To many students, computer science is a discipline first introduced at the collegiate level. As sophomores studying computer science, we often see students become handicapped in their programming education by the underrepresentation of computer science in American grade school. We feel that more can and should be done to inspire STEM education (in the form of computer science) before students reach university workloads. However, public schools seem to lack the effective tools with which to expose computer science to students on a large-scale basis. At SwampHacks, we set out to develop a worthy means of achieving this exposure to students across the nation.
Our website, CoCode_, provides grade school educators with a free webapp that facilitates computer science education with simplicity, accessibility, and collaboration in mind. On first visit to www.CoCode-mlh.com, an educator is presented the opportunity to create a virtual classroom in his/her own name capable of managing any reasonable amount of students, complete with its own unique and randomly-generated "Room Code." The educator's students are then able to visit the site and input their names along with that Room Code. There, they will enter a growing waitlist until the educator starts the exercise from his/her machine, satisfied that all intended students are accounted for. All waitlisted students are then randomly sorted into groups of three, with each group being assigned a programming problem statement. On each student's screen will be an interface displaying the instructions of the problem, a Coding Box in which to write the group's submission code, and a Whiteboard area on which to free handedly draw and plan solutions by mouse. CoCode_'s uniqueness lies in its role system: in each group, members are randomly assigned one of three separate roles. There is a Navigator, the sole member with access to the current problem's instructions; a Driver, the sole member with authorial access to the Coding Box; and a Cartographer, the sole member with illustrative access to the Whiteboard. Grouped students are linked to one another via live voice chat, and to all non-Navigator students, the current problem's instructions appear as unintelligible gibberish. Students are hence inclined to work cooperatively to produce code snippets that satisfy the problem statement's requirements. Once groups are satisfied with the code in their Code Boxes, they may internally agree to press the "Submit" button in order to have their respective code automatically graded and receive either a positive response of praise, or a sympathetic response indicating to try again. Groups hitting exceptional roadblocks to progress may summon the help of their teacher, who is trusted to assist in leading the group toward an understanding of the problem.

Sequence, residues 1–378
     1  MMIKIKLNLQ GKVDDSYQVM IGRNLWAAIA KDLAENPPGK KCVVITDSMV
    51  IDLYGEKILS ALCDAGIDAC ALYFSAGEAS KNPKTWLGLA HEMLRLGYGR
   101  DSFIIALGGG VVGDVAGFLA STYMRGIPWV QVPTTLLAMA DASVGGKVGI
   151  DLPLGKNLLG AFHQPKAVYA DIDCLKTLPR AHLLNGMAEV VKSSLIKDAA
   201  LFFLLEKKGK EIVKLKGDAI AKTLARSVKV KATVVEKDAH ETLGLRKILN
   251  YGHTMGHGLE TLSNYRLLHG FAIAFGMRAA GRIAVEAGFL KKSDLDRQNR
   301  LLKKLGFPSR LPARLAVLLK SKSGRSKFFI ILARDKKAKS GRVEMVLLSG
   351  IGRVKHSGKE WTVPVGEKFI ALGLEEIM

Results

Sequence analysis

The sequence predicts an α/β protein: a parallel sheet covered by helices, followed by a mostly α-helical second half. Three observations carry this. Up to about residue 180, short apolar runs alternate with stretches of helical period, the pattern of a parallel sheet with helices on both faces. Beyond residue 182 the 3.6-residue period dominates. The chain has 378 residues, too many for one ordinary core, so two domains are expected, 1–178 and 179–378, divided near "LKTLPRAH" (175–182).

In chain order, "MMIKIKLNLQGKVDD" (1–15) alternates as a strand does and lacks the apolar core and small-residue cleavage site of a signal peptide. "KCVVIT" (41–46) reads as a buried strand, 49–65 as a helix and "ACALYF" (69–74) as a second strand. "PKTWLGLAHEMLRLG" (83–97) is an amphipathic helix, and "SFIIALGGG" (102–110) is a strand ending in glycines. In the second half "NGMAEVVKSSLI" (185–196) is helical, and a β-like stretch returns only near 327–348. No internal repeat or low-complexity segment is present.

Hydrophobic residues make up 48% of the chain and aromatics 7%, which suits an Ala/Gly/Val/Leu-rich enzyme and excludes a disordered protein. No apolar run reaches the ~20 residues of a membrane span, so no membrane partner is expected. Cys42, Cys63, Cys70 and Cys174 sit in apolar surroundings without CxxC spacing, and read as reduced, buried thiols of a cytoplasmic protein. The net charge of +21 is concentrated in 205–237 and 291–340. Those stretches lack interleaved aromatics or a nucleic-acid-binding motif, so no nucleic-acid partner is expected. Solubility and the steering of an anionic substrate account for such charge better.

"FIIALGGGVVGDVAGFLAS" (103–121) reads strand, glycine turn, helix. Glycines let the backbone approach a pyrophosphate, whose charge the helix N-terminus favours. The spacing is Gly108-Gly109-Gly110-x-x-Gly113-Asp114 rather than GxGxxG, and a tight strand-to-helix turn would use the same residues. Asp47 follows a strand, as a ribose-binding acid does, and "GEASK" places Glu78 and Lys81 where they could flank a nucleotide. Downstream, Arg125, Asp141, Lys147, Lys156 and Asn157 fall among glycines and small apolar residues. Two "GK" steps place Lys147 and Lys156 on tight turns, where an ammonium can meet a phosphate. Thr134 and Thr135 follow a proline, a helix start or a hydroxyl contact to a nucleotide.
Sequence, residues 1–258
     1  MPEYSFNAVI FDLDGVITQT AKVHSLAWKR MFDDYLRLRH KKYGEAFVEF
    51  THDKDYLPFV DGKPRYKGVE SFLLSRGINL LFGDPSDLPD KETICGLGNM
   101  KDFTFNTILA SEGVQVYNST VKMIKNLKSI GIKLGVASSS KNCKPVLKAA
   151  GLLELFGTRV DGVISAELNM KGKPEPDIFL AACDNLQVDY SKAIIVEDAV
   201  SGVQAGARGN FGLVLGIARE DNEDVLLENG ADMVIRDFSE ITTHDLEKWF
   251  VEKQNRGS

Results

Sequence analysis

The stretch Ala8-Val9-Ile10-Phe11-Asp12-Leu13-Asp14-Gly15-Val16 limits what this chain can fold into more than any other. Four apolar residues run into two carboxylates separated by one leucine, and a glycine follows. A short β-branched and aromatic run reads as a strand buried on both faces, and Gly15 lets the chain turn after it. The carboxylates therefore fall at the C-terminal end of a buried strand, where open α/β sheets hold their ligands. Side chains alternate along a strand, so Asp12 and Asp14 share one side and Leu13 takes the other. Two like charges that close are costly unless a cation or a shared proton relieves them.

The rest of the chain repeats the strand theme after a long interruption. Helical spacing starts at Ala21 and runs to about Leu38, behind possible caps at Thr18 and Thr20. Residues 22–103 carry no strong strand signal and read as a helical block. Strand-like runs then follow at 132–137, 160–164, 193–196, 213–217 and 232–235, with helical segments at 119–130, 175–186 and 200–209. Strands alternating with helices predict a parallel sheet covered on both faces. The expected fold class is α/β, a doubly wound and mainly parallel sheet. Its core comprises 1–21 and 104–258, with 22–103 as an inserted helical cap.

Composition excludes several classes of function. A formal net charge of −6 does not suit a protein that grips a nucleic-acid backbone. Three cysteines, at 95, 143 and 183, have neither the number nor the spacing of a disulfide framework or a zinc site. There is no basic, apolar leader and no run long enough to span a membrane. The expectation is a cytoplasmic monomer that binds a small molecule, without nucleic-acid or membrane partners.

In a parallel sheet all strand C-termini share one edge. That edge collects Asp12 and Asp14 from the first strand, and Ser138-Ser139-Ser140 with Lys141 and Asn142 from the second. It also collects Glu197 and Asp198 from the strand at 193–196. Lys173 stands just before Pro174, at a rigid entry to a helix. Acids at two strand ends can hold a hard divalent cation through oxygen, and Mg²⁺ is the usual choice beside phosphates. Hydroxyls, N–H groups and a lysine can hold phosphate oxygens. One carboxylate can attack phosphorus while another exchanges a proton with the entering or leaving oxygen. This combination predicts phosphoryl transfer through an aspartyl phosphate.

CoCode_ will find success because of its engaging and accessible nature. Students tend to respond well to specializations since they illicit improved self-value as a unique good. More importantly, CoCode_ addresses the fundamental problem with cooperative learning groups. Traditionally, group assignments default to the infamous case in which the most proficient of members carries the group, while the least proficient is left in the dust, both gleaning little from the exercise. In restricting crucial information about the problem or its solving from each member of the groups, CoCode_ assures that each group member will contribute meaningfully and necessarily. This is its edge over any traditional method of instruction.